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Pinckney hailed as ‘hero’

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Pinckney hailed as 'hero'

From left are Enterprise Mayor William Cooper, retired Command Sgt. Maj. Marvin Pinckney, and Enterprise Fire Chief Christopher Davis.

The city of Enterprise has honored a retired military man credited with saving two women from a burning home.

Retired Army Command Sgt. Maj. Marvin Pinckney was recognized for his lifesaving actions on Sept. 4 by Enterprise Mayor William Cooper and Enterprise Fire Chief Christopher Davis at the Enterprise City Council meeting Sept. 20.

“Mr. Pinckney, I know you do not want to be recognized as a hero, but you truly are,” Cooper said, presenting Pinckney with keys to the city and an appreciation plaque. “The city council, Fire Chief (Christopher) Davis, and I commend you on your unwavering disregard to your own safety and for jumping into action without hesitation.”

Davis agreed. “He is a person who cares about the people around him and he took what action was needed,” he said. “That is a sign of a good man.”

Pinckney called running into a burning house next door “just instinct to do the right thing.” The retired Army command sergeant major is a neighbor of Griffin, whose Bellwood Road home was consumed by flames about 4:20 p.m. Sept. 4.

Pinckney was in his garage when he saw smoke and flames coming from Griffin’s garage. He ran to the home and discovered that Griffin and her helper were inside. “They didn’t know there was a fire at that point,” Pinckney said, adding that his first effort was to get Griffin from her stationary chair to her wheelchair and her portable oxygen supply.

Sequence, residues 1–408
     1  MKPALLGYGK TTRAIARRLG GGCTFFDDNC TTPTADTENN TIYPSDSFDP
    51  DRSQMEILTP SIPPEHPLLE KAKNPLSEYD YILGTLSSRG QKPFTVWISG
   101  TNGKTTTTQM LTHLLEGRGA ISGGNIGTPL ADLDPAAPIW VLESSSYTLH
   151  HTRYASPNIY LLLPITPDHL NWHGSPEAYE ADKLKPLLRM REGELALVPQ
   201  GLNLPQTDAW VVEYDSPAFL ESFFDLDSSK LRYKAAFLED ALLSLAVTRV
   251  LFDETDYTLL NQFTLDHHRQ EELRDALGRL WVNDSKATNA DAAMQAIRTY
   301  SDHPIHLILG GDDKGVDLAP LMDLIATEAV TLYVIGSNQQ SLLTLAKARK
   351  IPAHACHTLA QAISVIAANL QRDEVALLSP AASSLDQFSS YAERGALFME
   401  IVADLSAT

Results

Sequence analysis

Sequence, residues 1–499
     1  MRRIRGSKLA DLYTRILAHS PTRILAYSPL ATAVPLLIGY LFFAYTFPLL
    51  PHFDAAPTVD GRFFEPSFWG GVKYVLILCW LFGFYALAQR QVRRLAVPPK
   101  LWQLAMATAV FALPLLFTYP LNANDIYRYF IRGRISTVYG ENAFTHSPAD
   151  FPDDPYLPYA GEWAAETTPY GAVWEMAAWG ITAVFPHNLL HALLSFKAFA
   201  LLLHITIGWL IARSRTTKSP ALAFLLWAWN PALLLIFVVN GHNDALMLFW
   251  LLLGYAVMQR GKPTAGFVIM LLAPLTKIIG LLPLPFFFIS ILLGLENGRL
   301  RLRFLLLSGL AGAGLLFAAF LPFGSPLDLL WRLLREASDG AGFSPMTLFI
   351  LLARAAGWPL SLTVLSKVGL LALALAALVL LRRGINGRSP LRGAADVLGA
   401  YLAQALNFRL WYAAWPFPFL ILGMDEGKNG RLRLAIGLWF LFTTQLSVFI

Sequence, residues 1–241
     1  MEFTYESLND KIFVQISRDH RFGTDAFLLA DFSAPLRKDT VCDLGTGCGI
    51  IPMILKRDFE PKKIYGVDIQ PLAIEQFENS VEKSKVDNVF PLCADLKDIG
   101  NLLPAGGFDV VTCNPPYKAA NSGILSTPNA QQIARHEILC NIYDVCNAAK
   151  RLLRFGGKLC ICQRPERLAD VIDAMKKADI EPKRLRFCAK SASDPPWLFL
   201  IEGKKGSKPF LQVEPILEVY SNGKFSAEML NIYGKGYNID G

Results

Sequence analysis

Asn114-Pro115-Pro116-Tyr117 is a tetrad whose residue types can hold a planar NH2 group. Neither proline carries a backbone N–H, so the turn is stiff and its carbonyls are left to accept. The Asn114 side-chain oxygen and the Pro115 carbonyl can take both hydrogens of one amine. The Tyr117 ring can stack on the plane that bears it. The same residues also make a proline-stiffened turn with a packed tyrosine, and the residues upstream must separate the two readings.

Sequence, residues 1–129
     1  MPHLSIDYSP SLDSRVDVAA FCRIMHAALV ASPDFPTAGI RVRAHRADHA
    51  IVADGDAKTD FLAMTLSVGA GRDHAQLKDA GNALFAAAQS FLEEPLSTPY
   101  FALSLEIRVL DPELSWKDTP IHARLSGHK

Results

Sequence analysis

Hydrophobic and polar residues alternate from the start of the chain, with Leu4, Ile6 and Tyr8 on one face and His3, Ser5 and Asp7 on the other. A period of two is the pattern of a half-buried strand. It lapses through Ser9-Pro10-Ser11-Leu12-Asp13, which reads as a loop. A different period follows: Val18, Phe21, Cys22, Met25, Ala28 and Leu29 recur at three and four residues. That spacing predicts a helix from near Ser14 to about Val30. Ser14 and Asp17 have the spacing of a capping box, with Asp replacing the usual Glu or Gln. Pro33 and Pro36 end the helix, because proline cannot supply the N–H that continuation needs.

As the flames moved from the garage through the home, the electricity in the home went out and smoke filled the rooms, making an exit through the window of the only remaining smoke-free room the only option, Pinckney said. He lifted Griffin through the window into the arms of waiting neighbor.

The women were transported to a hospital by Enterprise Rescue Squad.

The retired command sergeant major declines to be called a hero. “I’ve lived in this neighborhood for about year. These are my neighbors,” he said. “It was just instinct to do the right thing.

“I knew that she was immobile, and I knew if I didn’t help intervene it wouldn’t have turned out the way it did,” Pinckney said.

Pinckney, a member of the National Association of Buffalo Soldiers and Troopers Motorcycle Club-Fort Rucker Chapter, was joined at the council meeting by fellow-club members, who Pinckney says are like brothers and sisters to him.

Pinckney declines to be called a hero. “Serving 30 years in the military, the heroes to me are my comrades in arms who fell while serving,” he said. “I’m thankful that I was in the right place at the right time.”

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